ATLANTA--Ericsson (NASDAQ: ERIC) hopes to help Tier 3 carriers expand their business into the Internet of Things, according to an Ericsson executive. However, challenges await smaller carriers that are looking to expand beyond providing traditional voice and data services to consumers.
Walter Megura, Ericsson's vice president and head of industry and society for North America, noted that there is a collision happening in the industry between communications and IT technologies as LTE and cloud computing expand their reach. Smaller operators have a role to play in that world, he said, but it will not be as easy as simply upgrading their network gear.
"I think for them the challenge is a combination of [their] business model and desire to adapt and change, and that has a couple of dimensions," Megura said in an interview with FierceWireless here at the Competitive Carriers Association Global Expo.
Megura said that smaller carriers will need to work with an ecosystem. CCA plans to change its Global Expo next year to the "Mobile Carriers Show" and invite a wider range of vendors and software developers to help smaller carriers expand their business into the realms of the connected car, home automation, mobile healthcare, connected farming and more.
To that end, Megura said that bringing in new companies is important. "In this emerging environment you are going to work with partners," he said. "You're not going to do everything yourself."
Ericsson can bring "huge value" to Tier 3 carriers as they make those transitions, he said. Megura noted that Ericsson has a history and relationship with many small carriers, knows their networks and has built up trust with them. According to Ericsson, the company has deals with 60 to 70 percent of CCA's members outside of Sprint (NYSE: S) and T-Mobile US (NYSE:TMUS). Ericsson can bring tools such as the cloud, service enablement, data analytics, managed services, and device testing and verification, either on its own or in conjunction with others, Megura said.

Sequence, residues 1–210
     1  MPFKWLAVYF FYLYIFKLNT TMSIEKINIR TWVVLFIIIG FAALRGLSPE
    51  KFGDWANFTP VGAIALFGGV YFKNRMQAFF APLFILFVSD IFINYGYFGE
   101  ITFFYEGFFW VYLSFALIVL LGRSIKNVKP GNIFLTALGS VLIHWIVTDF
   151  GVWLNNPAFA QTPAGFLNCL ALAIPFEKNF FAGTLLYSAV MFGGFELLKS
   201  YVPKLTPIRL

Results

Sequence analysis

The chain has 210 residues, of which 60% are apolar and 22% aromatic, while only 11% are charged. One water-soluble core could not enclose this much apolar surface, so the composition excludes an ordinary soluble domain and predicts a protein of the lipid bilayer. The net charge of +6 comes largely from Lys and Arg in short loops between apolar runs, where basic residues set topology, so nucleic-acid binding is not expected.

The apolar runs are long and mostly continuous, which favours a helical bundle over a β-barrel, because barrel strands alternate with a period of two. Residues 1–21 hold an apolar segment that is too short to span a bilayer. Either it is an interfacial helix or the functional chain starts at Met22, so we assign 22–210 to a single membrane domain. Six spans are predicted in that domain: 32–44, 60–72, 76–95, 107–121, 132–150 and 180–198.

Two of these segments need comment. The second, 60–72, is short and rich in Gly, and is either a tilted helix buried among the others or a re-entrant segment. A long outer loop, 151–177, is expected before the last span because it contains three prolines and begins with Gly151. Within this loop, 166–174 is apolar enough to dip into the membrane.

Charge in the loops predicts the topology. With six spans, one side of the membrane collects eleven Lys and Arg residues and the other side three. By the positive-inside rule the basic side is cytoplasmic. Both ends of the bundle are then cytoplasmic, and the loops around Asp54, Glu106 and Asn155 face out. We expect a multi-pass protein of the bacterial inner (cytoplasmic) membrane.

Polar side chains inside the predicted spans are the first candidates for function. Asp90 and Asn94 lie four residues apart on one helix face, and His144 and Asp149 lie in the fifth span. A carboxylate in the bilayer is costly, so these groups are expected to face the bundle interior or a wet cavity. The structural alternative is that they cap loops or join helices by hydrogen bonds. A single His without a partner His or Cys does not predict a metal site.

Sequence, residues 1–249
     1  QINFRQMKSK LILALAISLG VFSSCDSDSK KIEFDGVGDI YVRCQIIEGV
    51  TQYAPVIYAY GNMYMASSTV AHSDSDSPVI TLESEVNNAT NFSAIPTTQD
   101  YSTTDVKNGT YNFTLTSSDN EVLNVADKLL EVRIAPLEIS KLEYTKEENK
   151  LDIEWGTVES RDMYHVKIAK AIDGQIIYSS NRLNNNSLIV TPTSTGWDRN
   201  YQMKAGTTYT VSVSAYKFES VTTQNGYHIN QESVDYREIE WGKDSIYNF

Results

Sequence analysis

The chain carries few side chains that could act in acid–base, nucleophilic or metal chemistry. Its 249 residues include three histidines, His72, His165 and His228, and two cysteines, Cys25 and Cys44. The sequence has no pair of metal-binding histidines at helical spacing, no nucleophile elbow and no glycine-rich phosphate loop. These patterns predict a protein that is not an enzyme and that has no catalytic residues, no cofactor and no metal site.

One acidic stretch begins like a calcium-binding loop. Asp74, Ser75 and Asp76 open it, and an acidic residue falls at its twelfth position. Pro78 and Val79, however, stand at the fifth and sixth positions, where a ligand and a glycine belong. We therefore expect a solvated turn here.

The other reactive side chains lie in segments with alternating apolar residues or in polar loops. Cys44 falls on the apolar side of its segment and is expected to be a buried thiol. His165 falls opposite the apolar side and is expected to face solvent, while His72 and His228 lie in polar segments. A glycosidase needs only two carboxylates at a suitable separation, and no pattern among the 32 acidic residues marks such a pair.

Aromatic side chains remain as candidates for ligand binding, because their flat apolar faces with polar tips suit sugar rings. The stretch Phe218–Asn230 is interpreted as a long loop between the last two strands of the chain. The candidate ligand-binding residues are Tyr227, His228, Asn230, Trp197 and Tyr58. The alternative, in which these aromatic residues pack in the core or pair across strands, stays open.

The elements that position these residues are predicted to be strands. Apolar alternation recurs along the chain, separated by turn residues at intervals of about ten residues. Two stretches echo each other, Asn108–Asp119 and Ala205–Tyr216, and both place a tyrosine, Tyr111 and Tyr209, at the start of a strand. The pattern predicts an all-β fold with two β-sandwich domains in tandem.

From a technology standpoint, Ericsson has solutions to help smaller carriers, Megura added. The real question is whether the carriers are "open and willing" to evolve their business models. Over time, as mobile saturation continues, and as customers move to IP-based services, the smaller carriers will face pressure on their traditional sources of revenue, he said.
To combat that, smaller carriers should not limit themselves to their existing network footprint, he said. For instance, small and rural carriers can connect to CCA's roaming hub to roam onto the networks of any other players that are also connected to the hub.
"They have the best customer relationships," Megura said. "What those relationships give them access to are the real problems of their business customers." If carriers can leverage their network to solve the problem of a business customer in their network footprint, Megura said, why can't they do the same thing for another customer that might not be in their footprint? "Ericsson is prepared as a company to help lead and work that discussion and open up those doors," he said.
Helping smaller carriers push into IoT is in keeping with Ericsson's long-term strategic goals. Last year the vendor derived 15 percent of its revenues from customers that are not wireless carriers, up from 10 percent in 2013 and 5 percent in 2009. Ericsson aims to boost that figure to 25 percent in 2020.
Ericsson is pushing hard in three main vertical markets, Megura said: energy and utilities, transportation, and public safety. In energy, Ericsson is working with companies including Consolidated Edison and Hydro-Québec to create a common platform for all of their networks. In transportation, Ericsson is thinking beyond connected cars and fleet management to vehicle-to-vehicle and vehicle-to-infrastructure communications. And in public safety, the company is teaming up with Motorola Solutions on solutions for FirstNet, the interoperable broadband network for first responders.
Despite the enthusiasm to get smaller carriers more involved in IoT, Patrick Kaiser, Huawei's director of wireless-product management in North America, said that although he thinks there is an opportunity, he is "conservative with respect to the size." Kaiser noted that the average revenue per user of an M2M connection is typically no more than one-tenth that of consumer ARPU.
However, George Reed, senior vice president of solutions and marketing at Huawei Technologies USA, said that once smaller carriers "get onto the LTE train, now they can move onto the next train, whatever that is." He noted that sensor-based applications are "huge" in the agriculture market and in farming.
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